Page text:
On an early Saturday morning in February 2013, a fire occurred at an Air Liquide industrial gas plant near Houston, Texas. As aerial video footage of the developing incident appeared on the local morning news, Kyle Harris, Air Liquide’s director of litigation, watched as he was getting his son ready for his upcoming flag football game.
Within ten minutes of seeing the news report, Harris was driving to the plant. Upon arrival, he called and hired outside counsel, and also secured the services of an expert consultant. The quickly assembled legal team, led by Harris, spent the following months working with local and federal law enforcement officials and regulatory agencies.
As director of litigation for the US-based operations of Air Liquide, a global leader in gases, technologies, and industry and health services, managing dynamic and unpredictable situations is the name of the game. Whether it be a construction dispute, an employee issue, or an industrial accident, Harris constantly has to think on his feet and expect the unexpected.
“The ability to be agile and flexible to whatever comes across my desk is my biggest challenge,” Harris says. “I learned early on that the key to success in my role is to be comfortable in the chaos.”
Every day, Harris goes to work at 8:30 a.m. with a handwritten “to-do” list of up to twenty items to attend to on that particular day. By 10:00 a.m., his day often takes a hard left as different members of the company’s business team enter his office seeking guidance. For example, a company executive might stop by if a problem with a customer account can’t be resolved at the commercial level and is turning litigious.
“A lot of these meetings are impromptu,” Harris says.
As clients typically present themselves unannounced, Harris has learned to drop what he is doing and switch gears to give his clients his utmost attention.
“When someone on the business team comes to see me with a problem, it’s usually the most urgent matter they are dealing with that day,” he says. “The key is to treat their problem like it’s my most important problem too—even if I am also dealing with other, more pressing matters.”
Through these counseling sessions, Harris says he’s learned the importance of listening.
“There’s a big difference between listening to someone to reply and listening to understand them,” he says. “I listen to understand and I think that builds trust.”
Joining the company in August 2011, Harris initially was sought after for his advice on pure questions of law, which can often be answered with a “Yes you can” or “No you can’t.” Over the years, however, and as a result of creating relationships with clients and building trust, the questions have evolved into requests for general business advice that go beyond the legal realm.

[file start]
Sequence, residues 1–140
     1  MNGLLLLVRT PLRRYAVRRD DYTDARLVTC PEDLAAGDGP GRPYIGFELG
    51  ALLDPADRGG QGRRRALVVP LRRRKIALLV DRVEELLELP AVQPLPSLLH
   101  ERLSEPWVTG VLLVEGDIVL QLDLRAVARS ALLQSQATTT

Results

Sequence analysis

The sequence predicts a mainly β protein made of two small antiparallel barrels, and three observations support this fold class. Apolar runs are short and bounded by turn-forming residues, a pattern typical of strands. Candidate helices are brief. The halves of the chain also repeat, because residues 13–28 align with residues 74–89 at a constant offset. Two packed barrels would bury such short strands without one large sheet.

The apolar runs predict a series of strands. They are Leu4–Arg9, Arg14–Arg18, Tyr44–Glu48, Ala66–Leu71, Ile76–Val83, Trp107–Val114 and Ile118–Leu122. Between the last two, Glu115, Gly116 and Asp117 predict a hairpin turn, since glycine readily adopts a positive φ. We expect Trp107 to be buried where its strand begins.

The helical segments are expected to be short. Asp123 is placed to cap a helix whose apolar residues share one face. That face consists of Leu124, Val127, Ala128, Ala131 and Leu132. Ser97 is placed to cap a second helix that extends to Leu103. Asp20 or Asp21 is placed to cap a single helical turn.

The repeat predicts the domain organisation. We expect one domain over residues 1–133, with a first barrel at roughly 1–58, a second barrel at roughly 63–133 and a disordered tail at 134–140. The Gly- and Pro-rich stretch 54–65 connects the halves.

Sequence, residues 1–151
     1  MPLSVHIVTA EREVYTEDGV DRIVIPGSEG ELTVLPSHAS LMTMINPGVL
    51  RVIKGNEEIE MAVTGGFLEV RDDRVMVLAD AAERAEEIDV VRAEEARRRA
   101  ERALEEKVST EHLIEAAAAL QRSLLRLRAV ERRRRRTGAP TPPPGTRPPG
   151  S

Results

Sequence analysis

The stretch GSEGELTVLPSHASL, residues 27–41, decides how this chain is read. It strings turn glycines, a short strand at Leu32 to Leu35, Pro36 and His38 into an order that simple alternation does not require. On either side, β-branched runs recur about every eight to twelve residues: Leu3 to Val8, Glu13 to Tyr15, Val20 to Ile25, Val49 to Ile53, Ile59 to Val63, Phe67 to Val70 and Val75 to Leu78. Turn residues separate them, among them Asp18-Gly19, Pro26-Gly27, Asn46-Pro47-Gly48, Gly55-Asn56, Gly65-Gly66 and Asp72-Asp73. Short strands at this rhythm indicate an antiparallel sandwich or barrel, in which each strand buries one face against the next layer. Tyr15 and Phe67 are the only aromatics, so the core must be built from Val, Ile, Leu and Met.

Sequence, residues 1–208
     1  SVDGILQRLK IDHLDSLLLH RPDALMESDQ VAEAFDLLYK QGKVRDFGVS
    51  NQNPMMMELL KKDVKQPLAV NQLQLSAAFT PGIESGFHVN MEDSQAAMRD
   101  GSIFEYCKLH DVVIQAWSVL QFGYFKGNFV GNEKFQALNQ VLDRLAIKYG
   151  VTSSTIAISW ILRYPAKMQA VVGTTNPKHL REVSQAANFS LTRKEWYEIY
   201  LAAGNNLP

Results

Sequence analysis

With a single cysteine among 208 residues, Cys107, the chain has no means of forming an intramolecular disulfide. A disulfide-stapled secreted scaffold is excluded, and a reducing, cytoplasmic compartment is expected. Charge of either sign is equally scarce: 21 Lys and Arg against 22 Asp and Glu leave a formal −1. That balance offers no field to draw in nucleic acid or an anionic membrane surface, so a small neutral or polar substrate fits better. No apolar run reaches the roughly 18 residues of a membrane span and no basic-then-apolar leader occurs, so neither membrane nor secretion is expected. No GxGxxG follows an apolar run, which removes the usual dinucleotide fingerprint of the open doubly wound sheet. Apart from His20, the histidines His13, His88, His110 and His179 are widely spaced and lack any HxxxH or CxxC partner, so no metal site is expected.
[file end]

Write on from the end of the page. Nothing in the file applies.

“They pivot away from the legal advice to, ‘What are the repercussions from a business perspective?’” Harris says. “As a lawyer, that’s where I feel like I’m adding value.”
Case in point, Harris received a phone call from an Air Liquide sales representative on the West Coast several months ago, stating that he had just received a cancellation letter from a customer. The customer was terminating their contract with Air Liquide—effective immediately—and demanded the immediate removal of Air Liquide’s equipment. Otherwise, Harris explains, “they were going to throw our tank to the curb.”
Harris advised his client that the customer didn’t have the right to terminate the contract, but removal of Air Liquide’s equipment from the customer’s property would have to be scheduled in order to protect the company’s assets. He then provided some business counsel by suggesting that his client personally visit the customer to further understand the customer’s actual concerns. The client took the trip and was able to salvage the relationship. Today, this customer continues to utilize Air Liquide’s products and services.
In the wake of Air Liquide’s acquisition of Airgas in June 2016, Harris assumed the added role of transactional commercial attorney for Air Liquide’s pipeline business in addition to continuing his litigation duties. It’s an opportunity he says he relishes as a way to not only continue supporting the business, but also further grow and develop his skill set.
“I’ll always be a litigator at heart—it’s in my blood,” Harris says. “But I’m looking forward to the new challenge of supporting our pipeline business commercially. Managing litigation, I typically get involved in a dispute after something has gone wrong with the contract. With my new role, now I’ll be able to draft the contracts on the front end to hopefully avoid the problems on the back end.”